Law School Discussion

Nine Years of Discussion
;

Author Topic: How regional is regional?  (Read 711 times)

thechoson

  • Guest
How regional is regional?
« on: April 11, 2004, 11:01:41 PM »
Ok.. I am having a hard time figuring something out.  The top 14 schools are the national schools, meaning you can get a job anywhere in the country.  Beyond, that schools seem to get more regional as you get lower in the rankings.  For example, UCLA and USC have major clout in Los Angeles and in California, good clout in the surrounding states' legal markets (Las Vegas, Phoenix, etc...) but lesser out in the East Coast.  If you go to the bottom of the spectrum, few people outside of San Diego would give Thomas Jefferson students much of a look.  Now within this spectrum I have some questions.

How regional are some of these "regional" tier-2 or tier-3 schools?  I've applied to a bunch of California schools and some in neighboring states- Santa Clara, USF, San Diego, Loyola, UNLV, Arizona State.  these guys are all tier 2 schools.  Using a school like USD as an example, it seems to have very good clout within San Diego, but how would schools like this fare even in their own states?  For example, would I have a decent shot as a USD grad or a Santa Clara grad anywhere in California, or would San Diego mostly limit me to San Diego, and Santa Clara mostly limit me to the Bay Area? 

I've applied to these schools because I would like to stay in the region- I wouldn't mind practicing in California, Las Vegas, or Arizona.  But because these are 2nd tier schools, am I limited even further to only being able to practice in the CITY these schools are located in?  ???

Any insight would be appreciated, thank you!

SpeakerDave

  • Sr. Citizen
  • ****
  • Posts: 192
  • 3.35 / 161
    • View Profile
    • SpeakerDave
Re: How regional is regional?
« Reply #1 on: April 11, 2004, 11:52:03 PM »
From what I read, you are most likely going to practice in the area/state/city that you went to school.

the schools keep data on where there graduates practice. 

The lower the tier of the shcool, the more likely you will stay in the school's city.  If you go to Thomas Jefferson, you are most likely going to stay in San Diego.  If you want to go to a lower tiered school, you will have to work harder at your job search in order to get a position outside the city/state/region.  i.e. If you go to TJSL and want to work in Arizona, you aren't going to find an employer on a campus recruitment day.  You will need to go to Arizona and find your employer.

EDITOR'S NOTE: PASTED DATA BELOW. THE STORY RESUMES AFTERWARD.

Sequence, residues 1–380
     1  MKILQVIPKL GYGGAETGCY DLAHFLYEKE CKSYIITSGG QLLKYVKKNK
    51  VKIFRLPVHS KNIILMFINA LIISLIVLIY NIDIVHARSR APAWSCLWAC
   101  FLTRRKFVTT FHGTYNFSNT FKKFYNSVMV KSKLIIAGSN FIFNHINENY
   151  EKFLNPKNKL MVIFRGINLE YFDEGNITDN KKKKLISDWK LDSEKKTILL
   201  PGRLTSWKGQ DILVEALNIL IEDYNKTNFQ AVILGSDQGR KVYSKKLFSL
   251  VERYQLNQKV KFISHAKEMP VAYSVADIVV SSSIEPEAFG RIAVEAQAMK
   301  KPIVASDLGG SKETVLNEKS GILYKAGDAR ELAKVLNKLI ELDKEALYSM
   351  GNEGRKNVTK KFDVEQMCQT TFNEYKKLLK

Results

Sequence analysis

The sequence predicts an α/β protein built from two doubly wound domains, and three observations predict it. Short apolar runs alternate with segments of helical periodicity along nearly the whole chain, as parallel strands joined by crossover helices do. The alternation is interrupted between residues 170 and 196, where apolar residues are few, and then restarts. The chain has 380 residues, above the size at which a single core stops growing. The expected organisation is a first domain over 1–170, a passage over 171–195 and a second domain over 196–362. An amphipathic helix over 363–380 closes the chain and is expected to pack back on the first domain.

The above information is all based on what I have read.  You will find the most information by ocntacting the placement/career offices of the schools you wish to attend. 

Last thought...if you have to stay in San Diego, what the hell is wrong with that? :-)

 


habeas_dorkus

  • Full Member
  • ***
  • Posts: 48
    • View Profile
Re: How regional is regional?
« Reply #2 on: April 11, 2004, 11:53:46 PM »
I've had similar questions, and what I think is this: Obviously, your best prospects coming from USD are in San Diego. But it seems like each of the schools mentioned has enough alumni out there to give you pretty good employment prospects throughout California. People move around, so there have to be USD alums in Northern California, etc.

I wouldn't worry too much about it.

little_old_lady

  • Sr. Citizen
  • ****
  • Posts: 155
    • View Profile
Re: How regional is regional?
« Reply #3 on: April 12, 2004, 12:06:01 AM »
I think for a 2nd tier school "regional" means the city in which the school is located.  Of course a USD grad can find jobs in other markets if they have very good credentials.  You can do a Martindale search to find the number of USD alums in other CA cities, however keep in mind that some of these people have 'lateraled' over. 

USD is similar to a school like Cardozo.  Some Cardozo grads get jobs outside of NYC but the vast majority stay in NYC at least at the beginning of their career.  All of the other CA cities have law schools of their own (some more than one).  If you're coming from USD you're going to behind the curve, so to speak.  Your career services won't know anyone.  Networking will be really tough.  I've found that the best way to network is through an alum.  It's been nearly impossible for me to schedule informational interviews with attorneys who didn't graduate from my school unless I have a personal contact with that person.  So you begin your networking with an alum of your school and if there aren't many then it's very difficult to network. 

Odds are that you'll end at a small firm and small firms hire through networking and a small firm can't afford to take risks so they are very conservative about who they hire.  Small firms often won't even consider hiring someone from a law school that they are unfamiliar with.  Not only that, but some firms are full of lawyers who all graduated from the same law school.  They can't afford to take a chance with an unknown entity which is what you are as a fresh new graduate.  It's a little less risky if you have credentials and come from a school they're familiar with. 

L1

  • Sr. Citizen
  • ****
  • Posts: 1130
    • View Profile
Re: How regional is regional?
« Reply #4 on: April 12, 2004, 07:11:23 PM »
While I think that all of the above tends to be the rule, the exception, from what I've heard, are big firms that are hiring for positions more than one of their locations. This may be more true of the higher ranked schools than lower ranked schools.